Former Labour spin supremo Alastair Campbell to join GQ as chief interviewer
Tony Blair's one-time director of communications hopes to bring "a bit of lefty influence" to the magazine
Ian Burrell is Assistant Editor and Media Editor at The Independent, i paper and Independent on Sunday. He covers news from the whole media sector from television, press, radio and advertising to technology. His weekly column on the media appears every Monday in The Independent and i paper. He also writes on media, music and culture, including long-form pieces for The Independent’s Saturday magazine and the Independent on Sunday’s magazine, New Review. He is a regular presenter of BBC Radio 4’s What The Papers Say and a specialist commentator to Monocle 24 radio. He has contributed to most major broadcast outlets including BBC television and radio, CNN, Sky News, Al Jazeera and LBC. He has also written on media for GQ magazine. Ian has been reporting on the media industry for The Independent for more than a decade. Previously he was the newspaper’s Home Affairs Editor. He worked at The Sunday Times for five years, including as a member of the investigative Insight team, covering stories on political funding, industrial espionage and the arms industry. Previously he worked in ITV for London Weekend Television, on a weekly current affairs programme presented by Danny Baker. Ian trained at the Birmingham Post & Mail and was Regional Reporter of the Year in Press Gazette’s national awards.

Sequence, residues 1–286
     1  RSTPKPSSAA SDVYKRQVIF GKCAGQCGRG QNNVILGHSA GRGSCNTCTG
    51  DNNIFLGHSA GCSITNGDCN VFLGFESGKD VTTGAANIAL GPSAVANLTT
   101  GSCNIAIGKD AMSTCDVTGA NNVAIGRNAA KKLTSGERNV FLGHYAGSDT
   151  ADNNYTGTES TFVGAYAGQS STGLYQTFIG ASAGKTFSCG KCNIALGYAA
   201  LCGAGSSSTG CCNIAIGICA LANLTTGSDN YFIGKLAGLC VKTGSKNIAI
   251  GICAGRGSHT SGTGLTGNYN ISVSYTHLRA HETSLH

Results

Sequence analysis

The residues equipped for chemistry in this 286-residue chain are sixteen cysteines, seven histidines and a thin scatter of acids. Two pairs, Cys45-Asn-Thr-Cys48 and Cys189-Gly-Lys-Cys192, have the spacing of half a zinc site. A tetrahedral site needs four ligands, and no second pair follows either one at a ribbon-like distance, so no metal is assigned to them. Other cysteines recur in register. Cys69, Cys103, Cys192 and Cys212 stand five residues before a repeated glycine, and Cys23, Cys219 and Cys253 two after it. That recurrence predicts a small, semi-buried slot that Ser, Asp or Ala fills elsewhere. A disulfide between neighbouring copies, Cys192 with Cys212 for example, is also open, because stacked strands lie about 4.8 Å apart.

Monday 13 January 2014
Tony Blair’s former director of communications and strategy, Alastair Campbell, has been recruited by GQ magazine as its star interviewer.
The appointment unites the former Labour spin doctor with GQ editor Dylan Jones, author of a sympathetic book on the Prime Minister called Cameron on Cameron, a series of interviews with the Conservative leader before the last election.
Mr Jones praised Mr Blair’s former spokesman as a “brilliant, opinionated and compelling writer who has the ability to get straight to the heart of what matters”.
The role was previously held by Piers Morgan, although Mr Campbell, a former Daily Mirror journalist, insisted that he did not want to be known as “Piers Morgan’s successor”.
Acrimony between the pair dates back to the Iraq war, which The Daily Mirror, under Mr Morgan’s editorship, vehemently opposed.
“When I was a full-time journalist I always enjoyed big interviews and I am pleased GQ want me not just to do politics but figures from sport, business, culture, other aspects of life that I find interesting,” he said.
After leaving Downing Street, Mr Campbell wrote for The Times. His first interview in GQ will appear in the May issue. He said he was planning to alter the political balance in the publication. “I…hope I can bring a bit of lefty influence to the magazine. There is something not quite right about having an editor who slopes off to write sympathetic books about David Cameron, and makes Benedict Cumberbatch the GQ man of the year. GQ should be the magazine for State schools, not Eton and Harrow.”
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